An additional crash energy attribute of the panel assembly 10 is in the design of the joint connections 32, 34 to the shotgun rails (not shown). The joint connections 32, 34, as shown in FIG. 7, would hold the shotgun rails of the motor vehicle and be attached with a through bolt, thus coupling the two upper shotgun rails. Under an offset/high speed crash similar to that discussed above, the coupling of the upper shotguns enables the energy due to impact will be dissipated through each side of the motor vehicle.
 Lastly, relative to energy management, the panel assembly 10 is advantageous in terms of pedestrian protection (upper leg/lower torso to grille/hood impact). These advantages may be attributed to the sandwich construction of the panel assembly 10, as it has the ability to distribute local loads and stresses over a large area. This equates to a lower HIC (head impact criteria) value upon pedestrian impact.
 A mass comparison of the panel assembly 10 and the steel radiator structure for a typical passenger vehicle such as a midsize motor vehicle (a family sedan) yielded the following results: the steel radiator structure (upper rail portion only) weighed 6.6 pounds in comparison to 5.33 pounds for the panel assembly 10. The overall approximate weight of the steel radiator structure and panel assembly 10, without lamp canisters or integrated air deflectors, are 15.5 and 8.14 pounds, respectively. Therefore, improvements of energy dissipation are matched by the reduction in weight to the motor vehicle.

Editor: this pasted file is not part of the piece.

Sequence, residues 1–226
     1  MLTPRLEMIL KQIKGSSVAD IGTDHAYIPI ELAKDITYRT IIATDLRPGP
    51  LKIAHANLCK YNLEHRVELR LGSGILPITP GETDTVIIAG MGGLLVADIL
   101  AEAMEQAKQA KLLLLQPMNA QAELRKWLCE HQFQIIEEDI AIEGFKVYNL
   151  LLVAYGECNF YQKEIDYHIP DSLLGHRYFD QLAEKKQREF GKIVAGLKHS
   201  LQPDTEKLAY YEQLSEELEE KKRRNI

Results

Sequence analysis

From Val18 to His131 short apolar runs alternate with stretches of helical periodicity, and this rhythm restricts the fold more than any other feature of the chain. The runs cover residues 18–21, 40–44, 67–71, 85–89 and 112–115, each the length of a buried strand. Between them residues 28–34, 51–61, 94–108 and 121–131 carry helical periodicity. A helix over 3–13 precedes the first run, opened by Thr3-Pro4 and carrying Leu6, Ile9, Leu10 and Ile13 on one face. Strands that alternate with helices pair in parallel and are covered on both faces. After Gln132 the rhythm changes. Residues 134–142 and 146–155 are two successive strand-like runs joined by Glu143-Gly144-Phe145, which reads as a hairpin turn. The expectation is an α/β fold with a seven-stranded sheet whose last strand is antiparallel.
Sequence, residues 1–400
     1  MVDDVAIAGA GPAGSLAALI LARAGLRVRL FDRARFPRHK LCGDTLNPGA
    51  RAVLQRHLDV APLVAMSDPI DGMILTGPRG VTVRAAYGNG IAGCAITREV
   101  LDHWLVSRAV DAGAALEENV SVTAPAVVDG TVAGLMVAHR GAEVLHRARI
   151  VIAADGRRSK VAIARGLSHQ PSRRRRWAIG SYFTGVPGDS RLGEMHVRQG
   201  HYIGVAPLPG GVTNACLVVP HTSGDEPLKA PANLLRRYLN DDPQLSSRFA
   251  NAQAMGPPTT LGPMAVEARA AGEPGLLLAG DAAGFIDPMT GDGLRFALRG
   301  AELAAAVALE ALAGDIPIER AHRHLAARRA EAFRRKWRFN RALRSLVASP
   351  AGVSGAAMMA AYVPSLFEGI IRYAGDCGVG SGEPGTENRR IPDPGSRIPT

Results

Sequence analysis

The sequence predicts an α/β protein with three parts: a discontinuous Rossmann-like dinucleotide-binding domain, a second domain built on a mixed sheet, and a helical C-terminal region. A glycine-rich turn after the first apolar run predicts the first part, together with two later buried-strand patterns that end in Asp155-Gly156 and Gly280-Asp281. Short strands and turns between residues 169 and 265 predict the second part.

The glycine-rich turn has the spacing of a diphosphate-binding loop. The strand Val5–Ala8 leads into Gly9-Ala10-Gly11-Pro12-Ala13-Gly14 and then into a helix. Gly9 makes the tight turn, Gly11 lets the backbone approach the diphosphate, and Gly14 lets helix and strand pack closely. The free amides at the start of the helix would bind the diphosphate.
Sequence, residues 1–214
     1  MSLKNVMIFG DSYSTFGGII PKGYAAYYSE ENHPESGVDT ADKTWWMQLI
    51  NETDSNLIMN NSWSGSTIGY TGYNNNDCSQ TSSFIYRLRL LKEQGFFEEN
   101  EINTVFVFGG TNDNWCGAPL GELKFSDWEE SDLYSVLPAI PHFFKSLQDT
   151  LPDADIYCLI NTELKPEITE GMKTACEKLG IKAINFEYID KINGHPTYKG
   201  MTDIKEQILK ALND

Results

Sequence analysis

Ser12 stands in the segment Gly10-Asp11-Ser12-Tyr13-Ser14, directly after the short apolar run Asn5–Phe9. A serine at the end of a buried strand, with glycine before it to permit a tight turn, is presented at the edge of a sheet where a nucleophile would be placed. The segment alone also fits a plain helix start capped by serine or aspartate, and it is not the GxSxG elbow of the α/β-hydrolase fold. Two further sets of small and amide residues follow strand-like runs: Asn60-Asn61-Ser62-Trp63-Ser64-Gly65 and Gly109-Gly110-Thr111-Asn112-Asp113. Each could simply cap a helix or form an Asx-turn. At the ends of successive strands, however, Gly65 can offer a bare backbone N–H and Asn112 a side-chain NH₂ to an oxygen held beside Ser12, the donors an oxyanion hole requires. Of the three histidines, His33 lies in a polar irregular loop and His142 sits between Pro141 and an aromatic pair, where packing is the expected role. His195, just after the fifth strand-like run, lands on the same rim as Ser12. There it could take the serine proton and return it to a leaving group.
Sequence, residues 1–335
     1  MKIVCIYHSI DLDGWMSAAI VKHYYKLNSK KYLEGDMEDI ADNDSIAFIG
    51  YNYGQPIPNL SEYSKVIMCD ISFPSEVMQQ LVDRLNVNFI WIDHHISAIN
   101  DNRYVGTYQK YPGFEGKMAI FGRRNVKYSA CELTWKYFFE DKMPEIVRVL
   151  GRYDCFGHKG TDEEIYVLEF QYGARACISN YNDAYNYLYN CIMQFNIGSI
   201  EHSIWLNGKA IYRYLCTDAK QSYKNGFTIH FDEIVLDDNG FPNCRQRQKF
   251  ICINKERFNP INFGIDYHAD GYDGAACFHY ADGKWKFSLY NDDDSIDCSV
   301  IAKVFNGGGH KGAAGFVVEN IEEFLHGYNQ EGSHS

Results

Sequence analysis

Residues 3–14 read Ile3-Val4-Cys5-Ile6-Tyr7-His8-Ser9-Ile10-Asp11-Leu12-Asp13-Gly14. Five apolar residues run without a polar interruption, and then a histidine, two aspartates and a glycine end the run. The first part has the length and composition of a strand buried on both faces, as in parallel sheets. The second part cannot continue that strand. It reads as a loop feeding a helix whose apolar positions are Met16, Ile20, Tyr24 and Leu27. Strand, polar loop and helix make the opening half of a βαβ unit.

The invention has been described in an illustrative manner. It is to be understood that the terminology, which has been used, is intended to be in the nature of words of description rather than of limitation. Many modifications and variations of the invention are possible in light of the above teachings. Therefore, within the scope of the appended claims, the invention may be practiced other than as specifically described.
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|International Classification||B62D29/00, B62D25/08, B60K11/04|
|Cooperative Classification||B62D29/004, B62D25/084, B62D29/001, B60K11/04|
|European Classification||B62D29/00A, B60K11/04, B62D25/08C1|
|Jan 9, 2004||AS||Assignment|
Owner name: DECOMA INTERNATIONAL INC., CANADA
Free format text: ASSIGNMENT OF ASSIGNORS INTEREST;ASSIGNORS:HENDERSON, JACK V.;CHUBA, CHARLES JOHN;SCHULTZ, JOHN;ANDOTHERS;REEL/FRAME:015353/0282;SIGNING DATES FROM 20020712 TO 20020717
|Sep 22, 2008||FPAY||Fee payment|
Year of fee payment: 4
|Sep 12, 2012||FPAY||Fee payment|
Year of fee payment: 8